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National Mortality Case Record Review Programme

What we are doing

After three successful years, the National Mortality Case Record Review Programme (NMCRR) ended on 30 June 2019, leaving a long-lasting legacy in patient safety.

For information on the RCP’s current patient safety workstream please visit the Patient Safety pages.

About the programme

The NMCRR Programme was awarded to the RCP in February 2016. It was funded by NHS Improvement and the Scottish Government, and commissioned by the Healthcare Quality Improvement Partnership (HQIP). The aims of the programme were to:

  • implement a standardised methodology to review care received by patients who had died
  • improve learning and understanding about problems and processes in healthcare associated with mortality, and to share best practice.

What the programme achieved

The NMCRR developed the Structured Judgement Review (SJR) process to effectively review care received by patients who had died. The SJR replaced variable local systems with a standardised, national, evidence-based method.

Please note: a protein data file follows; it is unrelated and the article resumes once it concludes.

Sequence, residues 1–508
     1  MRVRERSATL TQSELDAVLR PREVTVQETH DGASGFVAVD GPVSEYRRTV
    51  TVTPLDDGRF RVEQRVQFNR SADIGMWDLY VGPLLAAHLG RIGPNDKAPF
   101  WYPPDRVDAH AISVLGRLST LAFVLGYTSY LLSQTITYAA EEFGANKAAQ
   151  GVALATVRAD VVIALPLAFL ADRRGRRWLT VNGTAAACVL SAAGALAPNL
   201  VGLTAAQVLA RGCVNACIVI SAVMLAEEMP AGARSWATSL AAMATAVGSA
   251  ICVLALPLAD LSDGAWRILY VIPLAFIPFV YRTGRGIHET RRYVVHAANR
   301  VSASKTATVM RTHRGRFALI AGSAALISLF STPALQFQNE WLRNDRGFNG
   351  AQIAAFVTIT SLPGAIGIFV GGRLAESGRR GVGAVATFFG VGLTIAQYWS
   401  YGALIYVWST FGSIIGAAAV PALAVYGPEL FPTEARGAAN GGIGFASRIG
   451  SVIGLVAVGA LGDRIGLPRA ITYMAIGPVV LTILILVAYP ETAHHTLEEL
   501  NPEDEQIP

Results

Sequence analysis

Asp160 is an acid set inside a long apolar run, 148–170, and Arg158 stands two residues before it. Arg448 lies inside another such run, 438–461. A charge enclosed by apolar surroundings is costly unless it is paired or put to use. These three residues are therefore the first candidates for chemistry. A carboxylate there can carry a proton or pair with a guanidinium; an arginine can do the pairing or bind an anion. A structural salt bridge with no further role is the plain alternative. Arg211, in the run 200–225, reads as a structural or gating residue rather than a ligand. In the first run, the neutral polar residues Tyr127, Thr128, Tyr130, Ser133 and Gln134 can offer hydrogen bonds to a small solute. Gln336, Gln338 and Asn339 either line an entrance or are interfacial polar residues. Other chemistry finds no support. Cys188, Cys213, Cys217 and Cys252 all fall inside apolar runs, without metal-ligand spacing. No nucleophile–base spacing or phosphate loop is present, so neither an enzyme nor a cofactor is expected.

The SJR was implemented in over 120 acute NHS trusts in England and in a number of hospitals in Scotland. Over 600 healthcare professionals were trained directly by the NMCRR team as tier one trainers. These tier one trainers in turn trained thousands of clinicians throughout the NHS in England and Scotland to become hospital mortality reviewers.

Implementation of the SJR made positive contributions to improving healthcare for patients and demonstrated that quality improvements were possible as a result.

What we have produced

The National Mortality Case Record Review's annual report describes the programme's aims and objectives, along with its development and implementation.

The National Mortality Case Record Review (NMCRR) toolkit has been developed to support trusts in implementing a standardised way of reviewing the case records of adults who have died in acute hospitals across England and Scotland.

The NMCRR programme has been working with other nationally commissioned mortality review programmes and confidential enquiries to explore sharing intelligence and collaboration opportunities.
The WEAHSN set out to encourage and support a collaborative approach to the mortality review process across NHS trusts in the west of England.